The UP4FUN Intervention Effect on Breaking Up Sedentary Time in 10- to 12-Year-Old Belgian Children: The ENERGY Project

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Maïté Verloigne Ghent University

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Nicola D. Ridgers Deakin University

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Mai Chinapaw VU Medical Centre

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Teatske Altenburg VU Medical Centre

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Elling Bere University of Agder

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Sveinung Berntsen University of Agder

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Greet Cardon Ghent University

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Johannes Brug VU Medical Centre

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Ilse De Bourdeaudhuij Ghent University

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Wendy Van Lippevelde Ghent University

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Lea Maes Ghent University

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There are currently no studies available reporting intervention effects on breaking up children’s sedentary time. This study examined the UP4FUN intervention effect on objectively measured number of breaks in sedentary time, number of sedentary bouts (> 10 mins) and total and average amount of time spent in those sedentary bouts among 10- to 12-year-old Belgian children. The total sample included 354 children (mean age: 10.9 ± 0.7 years; 59% girls) with valid ActiGraph accelerometer data at pre- and posttest. Only few and small intervention effects were found, namely on total time spent in sedentary bouts immediately after school hours (4-6PM; β = -3.51mins) and on average time spent in sedentary bouts before school hours (6-8.30AM; β = -4.83mins) and immediately after school hours in favor of children from intervention schools (β = -2.71mins). Unexpectedly, girls from intervention schools decreased the number of breaks during school hours (8.30AM-4PM; β = -23.45breaks) and increased the number of sedentary bouts on a weekend day (β = +0.90bouts), whereas girls in control schools showed an increase in number of breaks and a decrease in number of bouts. In conclusion, UP4FUN did not have a consistent or substantial effect on breaking up children’s sedentary time and these data suggest that more intensive and longer lasting interventions are needed.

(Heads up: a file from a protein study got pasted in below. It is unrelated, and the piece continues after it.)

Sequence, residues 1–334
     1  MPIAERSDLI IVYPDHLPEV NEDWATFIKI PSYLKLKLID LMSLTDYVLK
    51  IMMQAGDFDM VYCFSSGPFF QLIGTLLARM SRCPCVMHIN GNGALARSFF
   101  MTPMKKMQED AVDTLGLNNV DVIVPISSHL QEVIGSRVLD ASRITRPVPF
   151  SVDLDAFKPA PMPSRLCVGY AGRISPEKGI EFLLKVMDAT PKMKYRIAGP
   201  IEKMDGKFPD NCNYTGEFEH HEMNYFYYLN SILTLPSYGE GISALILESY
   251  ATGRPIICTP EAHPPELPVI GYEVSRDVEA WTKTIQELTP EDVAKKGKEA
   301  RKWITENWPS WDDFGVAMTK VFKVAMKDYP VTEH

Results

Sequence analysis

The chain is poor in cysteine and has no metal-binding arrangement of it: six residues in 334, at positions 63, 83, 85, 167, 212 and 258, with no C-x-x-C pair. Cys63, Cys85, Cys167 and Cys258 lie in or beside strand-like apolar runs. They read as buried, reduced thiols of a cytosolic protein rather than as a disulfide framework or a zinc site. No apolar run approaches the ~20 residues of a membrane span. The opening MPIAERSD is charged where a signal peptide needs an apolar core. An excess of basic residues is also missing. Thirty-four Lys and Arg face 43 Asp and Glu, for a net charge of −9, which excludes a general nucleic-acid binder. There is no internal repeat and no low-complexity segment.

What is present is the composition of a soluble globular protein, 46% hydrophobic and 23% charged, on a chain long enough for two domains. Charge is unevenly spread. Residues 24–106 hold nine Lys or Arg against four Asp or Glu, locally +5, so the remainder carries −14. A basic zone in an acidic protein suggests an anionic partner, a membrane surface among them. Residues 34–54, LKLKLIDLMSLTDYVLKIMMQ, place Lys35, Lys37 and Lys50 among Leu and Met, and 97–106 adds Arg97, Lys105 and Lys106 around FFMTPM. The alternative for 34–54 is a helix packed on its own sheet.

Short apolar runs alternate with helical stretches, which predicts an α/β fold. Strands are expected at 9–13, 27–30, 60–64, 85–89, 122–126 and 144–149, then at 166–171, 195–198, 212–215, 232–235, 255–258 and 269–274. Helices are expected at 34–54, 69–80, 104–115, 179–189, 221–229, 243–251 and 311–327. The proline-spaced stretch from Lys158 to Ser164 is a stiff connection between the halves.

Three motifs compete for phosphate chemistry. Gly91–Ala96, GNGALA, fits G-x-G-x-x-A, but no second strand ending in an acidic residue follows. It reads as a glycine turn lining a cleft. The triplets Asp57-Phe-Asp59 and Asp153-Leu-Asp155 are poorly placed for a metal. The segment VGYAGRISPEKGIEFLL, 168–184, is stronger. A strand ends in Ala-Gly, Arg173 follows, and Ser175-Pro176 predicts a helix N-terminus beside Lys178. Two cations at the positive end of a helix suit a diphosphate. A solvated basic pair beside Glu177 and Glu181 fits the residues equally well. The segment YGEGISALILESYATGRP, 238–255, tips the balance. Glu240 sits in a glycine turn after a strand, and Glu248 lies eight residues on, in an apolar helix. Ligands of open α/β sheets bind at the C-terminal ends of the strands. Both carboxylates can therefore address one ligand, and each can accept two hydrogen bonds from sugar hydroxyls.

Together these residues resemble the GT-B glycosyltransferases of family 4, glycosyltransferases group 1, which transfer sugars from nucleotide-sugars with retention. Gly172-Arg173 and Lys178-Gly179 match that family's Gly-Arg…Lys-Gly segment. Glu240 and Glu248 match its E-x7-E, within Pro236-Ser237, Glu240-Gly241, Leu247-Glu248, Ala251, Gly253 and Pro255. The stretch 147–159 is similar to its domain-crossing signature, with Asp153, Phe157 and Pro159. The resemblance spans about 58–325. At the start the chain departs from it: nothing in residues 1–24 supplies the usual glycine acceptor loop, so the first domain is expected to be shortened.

Verloigne, Maes, Cardon, and De Bourdeaudhuij are with Dept. of Movement and Sport Sciences, and Van Lippevelde and Maes the Dept. of Public Health, Ghent University, Ghent, Belgium. Ridgers is with the Centre for Physical Activity and Nutrition Research, Deakin University, Melbourne, Victoria, Australia. Chinapaw and Altenburg are with the Dept. of Public and Occupational Health and the EMGO Institute for Health & Care Research, and Brug the Dept. of Epidemiology and Biostatistics and the EMGO Institute for Health & Care Research, VU Medical Centre, Amsterdam, Netherlands. Bere is with the Dept. of Public Health, Sport and Nutrition, University of Agder, Kristiansand, Norway.

Address author correspondence to Maïté Verloigne at maite.verloigne@ugent.be.
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